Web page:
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What happened after the match would become an iconic moment in the history of sport. Nelson Mandela, wearing a Springbok rugby shirt and cricket cap, presented the William Webb Ellis Cup to South African captain François Pienaar to the delight of the capacity crowd. The moment is thought by some to be one of the most famous finals of any sporting event in recent years.[2] In 2002, Mandela's presentation was listed at number 70 in a list of the 100 Greatest Sporting Moments on a British television programme.[3]

However, the after match mood soured during the end of tournament banquet when South Africa's rugby president, Louis Luyt said in his speech that "There were no true world champions in the 1987 and 1991 World Cups because South Africa were not there." This claim that South Africa were the first "true world champions" led the New Zealand team to walk out of the dinner.[4]

Match details

24 June 1995
13:30 UTC+2
South Africa  15–12  New Zealand
Pen: Stransky (3/4) 10', 22', 90'
Drop: Stransky (2/2) 31', 92'
Report Pen: Mehrtens (3/3) 5', 13', 83'
Drop: Mehrtens (1/2) 55'
Ellis Park, Johannesburg
Attendance: 65 000
Referee: Ed Morrison (England)
South Africa
New Zealand
FB 15 André Joubert
RW 14 James Small downward-facing red arrow 97'
OC 13 Japie Mulder
IC 12 Hennie le Roux
LW 11 Chester Williams
FH 10 Joel Stransky
SH 9 Joost van der Westhuizen
N8 8 Mark Andrews downward-facing red arrow 90'
BF 7 Ruben Kruger
OF 6 Francois Pienaar (c)
RL 5 Hannes Strydom
LL 4 Kobus Wiese
TP 3 Balie Swart downward-facing red arrow 68'
HK 2 Chris Rossouw
LP 1 Os du Randt
HK 16 Naka Drotské
WG 17 Brendan Venter upward-facing green arrow 97'
FL 18 Rudolf Straeuli upward-facing green arrow 90'
SH 19 Johan Roux
PR 20 Garry Pagel upward-facing green arrow 68'
FB 21 Gavin Johnson
South Africa Kitch Christie
FB 15 Glen Osborne
RW 14 Jeff Wilson downward-facing red arrow 55'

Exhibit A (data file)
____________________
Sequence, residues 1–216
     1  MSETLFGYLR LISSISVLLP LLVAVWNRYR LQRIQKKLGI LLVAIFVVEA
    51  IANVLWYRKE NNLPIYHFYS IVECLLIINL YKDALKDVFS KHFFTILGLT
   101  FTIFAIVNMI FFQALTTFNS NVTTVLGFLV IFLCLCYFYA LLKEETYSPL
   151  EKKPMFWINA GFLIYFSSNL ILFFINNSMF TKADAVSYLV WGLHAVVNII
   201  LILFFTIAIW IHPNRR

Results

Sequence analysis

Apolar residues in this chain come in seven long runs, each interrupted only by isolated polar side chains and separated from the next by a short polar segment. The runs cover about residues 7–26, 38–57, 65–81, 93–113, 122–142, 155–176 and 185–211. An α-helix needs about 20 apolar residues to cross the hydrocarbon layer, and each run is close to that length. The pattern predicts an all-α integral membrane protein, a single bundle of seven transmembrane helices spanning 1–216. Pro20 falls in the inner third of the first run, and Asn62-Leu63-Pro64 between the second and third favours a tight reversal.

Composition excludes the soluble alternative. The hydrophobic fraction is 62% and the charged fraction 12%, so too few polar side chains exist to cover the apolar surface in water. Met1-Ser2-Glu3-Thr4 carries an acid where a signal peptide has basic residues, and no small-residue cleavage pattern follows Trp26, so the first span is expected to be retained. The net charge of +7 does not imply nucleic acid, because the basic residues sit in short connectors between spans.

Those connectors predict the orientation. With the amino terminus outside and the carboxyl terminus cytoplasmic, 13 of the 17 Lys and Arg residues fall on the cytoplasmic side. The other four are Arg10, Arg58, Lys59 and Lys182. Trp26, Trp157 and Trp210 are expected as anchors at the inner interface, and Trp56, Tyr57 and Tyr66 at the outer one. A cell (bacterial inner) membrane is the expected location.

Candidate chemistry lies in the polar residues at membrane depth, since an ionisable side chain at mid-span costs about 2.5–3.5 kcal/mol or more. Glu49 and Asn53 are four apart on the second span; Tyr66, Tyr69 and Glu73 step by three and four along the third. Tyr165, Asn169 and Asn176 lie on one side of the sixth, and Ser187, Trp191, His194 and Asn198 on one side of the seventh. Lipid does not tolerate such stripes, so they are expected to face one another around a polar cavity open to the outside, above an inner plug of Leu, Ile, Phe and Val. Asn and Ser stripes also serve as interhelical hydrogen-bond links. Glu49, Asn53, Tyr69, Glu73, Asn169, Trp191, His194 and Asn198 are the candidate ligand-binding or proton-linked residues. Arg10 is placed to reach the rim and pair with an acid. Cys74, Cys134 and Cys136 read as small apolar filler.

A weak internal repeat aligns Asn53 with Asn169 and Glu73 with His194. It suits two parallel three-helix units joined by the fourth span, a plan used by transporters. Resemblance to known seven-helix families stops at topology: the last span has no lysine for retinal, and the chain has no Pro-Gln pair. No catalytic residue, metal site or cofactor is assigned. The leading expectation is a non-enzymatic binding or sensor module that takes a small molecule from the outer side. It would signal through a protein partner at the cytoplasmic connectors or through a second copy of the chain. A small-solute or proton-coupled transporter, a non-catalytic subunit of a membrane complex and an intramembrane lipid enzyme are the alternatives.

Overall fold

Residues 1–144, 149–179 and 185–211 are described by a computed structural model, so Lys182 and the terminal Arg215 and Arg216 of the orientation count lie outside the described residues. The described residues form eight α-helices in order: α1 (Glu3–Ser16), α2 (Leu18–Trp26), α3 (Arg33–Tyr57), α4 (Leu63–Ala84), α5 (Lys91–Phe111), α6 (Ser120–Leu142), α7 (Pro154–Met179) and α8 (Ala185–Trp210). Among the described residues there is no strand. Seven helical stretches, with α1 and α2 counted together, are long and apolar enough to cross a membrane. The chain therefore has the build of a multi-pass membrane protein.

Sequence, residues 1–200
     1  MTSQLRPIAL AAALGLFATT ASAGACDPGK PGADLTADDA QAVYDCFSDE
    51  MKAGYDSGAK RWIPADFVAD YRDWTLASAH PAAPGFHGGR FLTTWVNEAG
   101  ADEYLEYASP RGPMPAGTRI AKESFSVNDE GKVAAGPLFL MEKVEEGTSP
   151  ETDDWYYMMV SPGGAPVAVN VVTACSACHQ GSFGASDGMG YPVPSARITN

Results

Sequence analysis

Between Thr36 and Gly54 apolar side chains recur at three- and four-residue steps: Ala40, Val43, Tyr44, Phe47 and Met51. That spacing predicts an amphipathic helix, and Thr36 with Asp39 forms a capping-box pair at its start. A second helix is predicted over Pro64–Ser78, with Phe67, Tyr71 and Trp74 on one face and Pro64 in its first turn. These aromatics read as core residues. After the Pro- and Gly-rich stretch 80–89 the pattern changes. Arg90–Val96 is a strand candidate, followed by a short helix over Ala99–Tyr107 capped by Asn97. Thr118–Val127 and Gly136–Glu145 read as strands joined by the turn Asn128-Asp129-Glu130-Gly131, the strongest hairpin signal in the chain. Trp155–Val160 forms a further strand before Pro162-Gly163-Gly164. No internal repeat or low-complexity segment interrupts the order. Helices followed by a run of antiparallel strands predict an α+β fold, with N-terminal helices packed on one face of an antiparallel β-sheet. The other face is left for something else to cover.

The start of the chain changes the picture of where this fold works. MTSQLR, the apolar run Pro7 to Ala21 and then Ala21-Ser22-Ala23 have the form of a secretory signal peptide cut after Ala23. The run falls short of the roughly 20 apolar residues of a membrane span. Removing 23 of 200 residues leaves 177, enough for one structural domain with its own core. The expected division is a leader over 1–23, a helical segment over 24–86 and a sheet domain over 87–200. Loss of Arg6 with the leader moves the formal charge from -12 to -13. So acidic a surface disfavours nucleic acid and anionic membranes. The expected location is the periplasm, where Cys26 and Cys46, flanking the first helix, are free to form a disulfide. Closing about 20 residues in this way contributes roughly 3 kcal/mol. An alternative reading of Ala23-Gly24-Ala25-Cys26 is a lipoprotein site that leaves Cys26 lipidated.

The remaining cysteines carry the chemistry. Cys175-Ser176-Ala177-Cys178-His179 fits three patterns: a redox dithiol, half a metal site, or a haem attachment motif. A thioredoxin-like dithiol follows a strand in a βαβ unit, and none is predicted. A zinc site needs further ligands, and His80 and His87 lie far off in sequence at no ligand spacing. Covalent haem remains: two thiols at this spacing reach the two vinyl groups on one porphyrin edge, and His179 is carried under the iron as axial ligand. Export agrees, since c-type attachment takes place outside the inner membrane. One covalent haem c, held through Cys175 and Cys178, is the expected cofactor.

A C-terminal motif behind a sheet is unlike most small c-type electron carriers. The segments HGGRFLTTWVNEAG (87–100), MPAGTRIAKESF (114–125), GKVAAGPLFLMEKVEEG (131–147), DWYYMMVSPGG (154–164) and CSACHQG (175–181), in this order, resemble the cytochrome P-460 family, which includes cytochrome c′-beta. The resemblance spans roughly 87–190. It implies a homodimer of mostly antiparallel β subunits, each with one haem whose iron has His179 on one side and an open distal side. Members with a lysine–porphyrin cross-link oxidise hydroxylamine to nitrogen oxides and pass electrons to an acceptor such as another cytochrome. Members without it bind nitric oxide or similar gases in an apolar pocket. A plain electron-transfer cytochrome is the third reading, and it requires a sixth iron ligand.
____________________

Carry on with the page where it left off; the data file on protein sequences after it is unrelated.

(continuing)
OC 13 Frank Bunce
IC 12 Walter Little
LW 11 Jonah Lomu
FH 10 Andrew Mehrtens
SH 9 Graeme Bachop red cross icon 67' to 70'
N8 8 Zinzan Brooke
OF 7 Josh Kronfeld
BF 6 Mike Brewer downward-facing red arrow 40'
RL 5 Robin Brooke
LL 4 Ian Jones
TP 3 Olo Brown
HK 2 Sean Fitzpatrick (c)
LP 1 Craig Dowd downward-facing red arrow 83'
WG 16 Marc Ellis upward-facing green arrow 55'
FH 17 Simon Culhane
SH 18 Ant Strachan upward-facing green arrow 67' downward-facing red arrow 70'
FL 19 Jamie Joseph upward-facing green arrow 40'
PR 20 Richard Loe upward-facing green arrow 83'
HK 21 Norm Hewitt
New Zealand Laurie Mains

Ed Morrison (England)

Touch Judges:
Derek Bevan (Wales)
Joël Dumé (France)

Depictions in media

Mandela and Pienaar's involvement in the 1995 World Cup became the subject of Clint Eastwood's Oscar-nominated 2009 film Invictus, featuring Morgan Freeman as Mandela and Matt Damon as Pienaar (and including Chester Williams, a member of the 1995 champions and the only black player on the 1995 Springbok squad, as a technical consultant), with the final as the climactic scene and filmed on location at Ellis Park.


  1. ^ a b Jones, Stephen (25 June 1995). "One team, one nation, one kick". The Sunday Times. No. 8913. Gale FP1802922177.
  2. ^ "Rugby World Cup history". BBC. 7 October 2003. Retrieved 5 June 2010.
  3. ^ "100 Greatest Sporting Moments – Results". London: Channel 4. 2002. Archived from the original on 4 February 2002. Retrieved 24 October 2021.
  4. ^ Donegan, Lawrence (26 June 1995). "Afrikaans arrogance sours Springboks' taste of victory". The Guardian. London: Guardian News and Media. Retrieved 21 September 2011.